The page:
If you’re a single young woman, there’s one question that you’ve come to dread. It comes up at family functions, social events and random interactions, over and over again.
“When are you getting married?”
In the Somali community, this question creeps up on you as soon as you’ve turned the ‘appropriate’ age of 19. My dad regularly reminds me that people will have certain expectations of me once I begin to enter my mid-20s. One of them happens to be marriage. And, at 23, my stock is apparently plummeting by the moment. My mother was younger than me when she married, and was my age when she had me. I am clearly out of sync when it comes to the process of matrimony. What started out as “We won’t put any pressure on you about this” quickly turned into casual jokes about when my mom or younger sister are going to take out their nicest dirac (traditional Somali dress) for my wedding.
Here in Canada, after you graduate, you are expected to begin to worry about savings, retirement, and health insurance – not marriage. You start spending your money on plates, pillows and new tyres as part of your new independent lifestyle. It’s interesting to see how western culture dictates that there is no particular right age or time to get married – it happens when you are fully ready. There is no concern with getting a spouse by a certain age. Yet, being raised in an African household, our traditions tell us something else. Personally, being wedged between two very different cultures has left me feeling really confused.
The reality is that my generation seems to be marrying, buying houses and having kids later than the previous generation; in clear contradiction to the ‘traditional’ African experience. Yet here I am, like many other diaspora Africans, fearing the expectations that come with being older.
I continuously ask myself “Where is my career going?” rather than “Whom will I end up with?” The world I live is extremely different from the one my parents were raised in. The reality is that we cannot be expected to fit old-fashioned moulds of what we should have achieved or who we should be with or how many kids we should have by the time we are 23/27/30/40 years old.
It seems like the expiration date on marriage is non-existent for African males living in the west. They are expected to become financially stable before the topic of marriage is even broached. They can get married whenever they feel comfortable and ready and yet the emphasis is placed on the female to be married before it’s ‘too late’.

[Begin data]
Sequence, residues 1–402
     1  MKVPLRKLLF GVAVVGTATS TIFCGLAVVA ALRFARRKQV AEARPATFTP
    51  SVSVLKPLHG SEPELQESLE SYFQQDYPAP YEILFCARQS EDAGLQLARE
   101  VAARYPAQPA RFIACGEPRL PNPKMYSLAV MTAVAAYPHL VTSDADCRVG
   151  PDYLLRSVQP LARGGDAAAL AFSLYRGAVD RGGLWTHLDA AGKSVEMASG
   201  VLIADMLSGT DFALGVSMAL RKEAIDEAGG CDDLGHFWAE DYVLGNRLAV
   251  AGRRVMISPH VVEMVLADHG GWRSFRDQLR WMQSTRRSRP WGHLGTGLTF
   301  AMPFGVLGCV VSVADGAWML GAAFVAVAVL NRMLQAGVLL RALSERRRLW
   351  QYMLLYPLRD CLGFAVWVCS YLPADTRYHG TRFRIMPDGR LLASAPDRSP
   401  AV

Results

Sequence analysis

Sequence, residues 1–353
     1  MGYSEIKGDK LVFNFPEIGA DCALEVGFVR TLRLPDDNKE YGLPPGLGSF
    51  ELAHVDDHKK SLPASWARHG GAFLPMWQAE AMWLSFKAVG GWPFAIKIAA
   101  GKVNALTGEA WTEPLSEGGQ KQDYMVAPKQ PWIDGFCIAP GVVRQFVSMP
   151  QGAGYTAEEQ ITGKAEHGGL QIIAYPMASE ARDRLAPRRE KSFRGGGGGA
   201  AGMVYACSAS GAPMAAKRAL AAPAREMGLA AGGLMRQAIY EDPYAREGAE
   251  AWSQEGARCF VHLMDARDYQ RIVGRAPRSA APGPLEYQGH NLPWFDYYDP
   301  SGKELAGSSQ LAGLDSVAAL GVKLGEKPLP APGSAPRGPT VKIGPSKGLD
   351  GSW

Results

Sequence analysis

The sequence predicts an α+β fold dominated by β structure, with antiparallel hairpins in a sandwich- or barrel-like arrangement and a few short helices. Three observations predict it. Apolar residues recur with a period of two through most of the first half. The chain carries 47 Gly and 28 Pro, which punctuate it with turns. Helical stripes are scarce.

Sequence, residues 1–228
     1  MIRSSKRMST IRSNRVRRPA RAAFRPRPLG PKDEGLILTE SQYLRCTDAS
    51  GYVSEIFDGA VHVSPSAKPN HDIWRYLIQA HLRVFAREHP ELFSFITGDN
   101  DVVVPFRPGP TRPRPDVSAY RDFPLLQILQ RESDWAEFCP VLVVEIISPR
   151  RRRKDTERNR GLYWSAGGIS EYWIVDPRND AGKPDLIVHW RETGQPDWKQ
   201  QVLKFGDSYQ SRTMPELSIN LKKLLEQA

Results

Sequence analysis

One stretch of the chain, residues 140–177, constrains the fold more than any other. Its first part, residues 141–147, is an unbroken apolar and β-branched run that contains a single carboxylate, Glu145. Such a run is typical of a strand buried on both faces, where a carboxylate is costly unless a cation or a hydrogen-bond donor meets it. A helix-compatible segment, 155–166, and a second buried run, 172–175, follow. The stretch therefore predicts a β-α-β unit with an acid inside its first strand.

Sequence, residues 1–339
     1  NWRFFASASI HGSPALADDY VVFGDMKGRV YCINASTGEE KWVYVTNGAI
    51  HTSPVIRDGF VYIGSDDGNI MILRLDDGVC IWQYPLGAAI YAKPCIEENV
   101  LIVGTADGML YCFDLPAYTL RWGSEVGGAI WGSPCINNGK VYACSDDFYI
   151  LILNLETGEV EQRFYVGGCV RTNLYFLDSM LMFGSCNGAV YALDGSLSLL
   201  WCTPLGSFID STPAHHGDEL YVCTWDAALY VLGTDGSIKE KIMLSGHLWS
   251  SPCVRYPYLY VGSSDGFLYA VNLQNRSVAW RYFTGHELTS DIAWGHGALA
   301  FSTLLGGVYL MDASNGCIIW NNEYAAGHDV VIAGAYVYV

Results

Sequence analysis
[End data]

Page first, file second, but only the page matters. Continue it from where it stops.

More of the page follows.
Personally, I can’t help but remember why my parents migrated to the west. They wanted us to enjoy the comfort of better education, opportunities and standard of living. Now, to be able to truly obtain their goals, I feel that I must follow their guidelines and succeed rather than feeling guilty about being too old to ever get married.
When we hear our relatives, family friends or even parents tell us that we must get married young ‘because we are Africans’, we must remind them that culture of marriage is only as good as its purpose to people. And, that if we continue to look at marriage from a linear perspective without allowing it to evolve, it will simply become another worthless detail about our civilisation in history books.
Many African women seem to have romanticised the ideology attached to marriage rather than marriage itself. And that, to me, is problematic. How can we uphold the dynamics of family within an African context if we romanticise the ideology rather than truly grasping the responsibilities and expectations that come with it? Marriage involves sacrifice, compromise and all those nice-sounding words that are difficult in practice – it’s not a decision one should make based on a romcom or a persistent parent.
I believe that ever-changing views on marriage have always been a matter of generational differences that affect women regardless of their racial or ethnic background. In fact, one could even say that this is a global phenomenon that isn’t explicitly tied to African women. Here in the west, marriage is not a must-do, it’s a matter of personal choice. As it should be, for women across the world.
Iman Hassan is a specialised political science student at York University in Toronto, Ontario.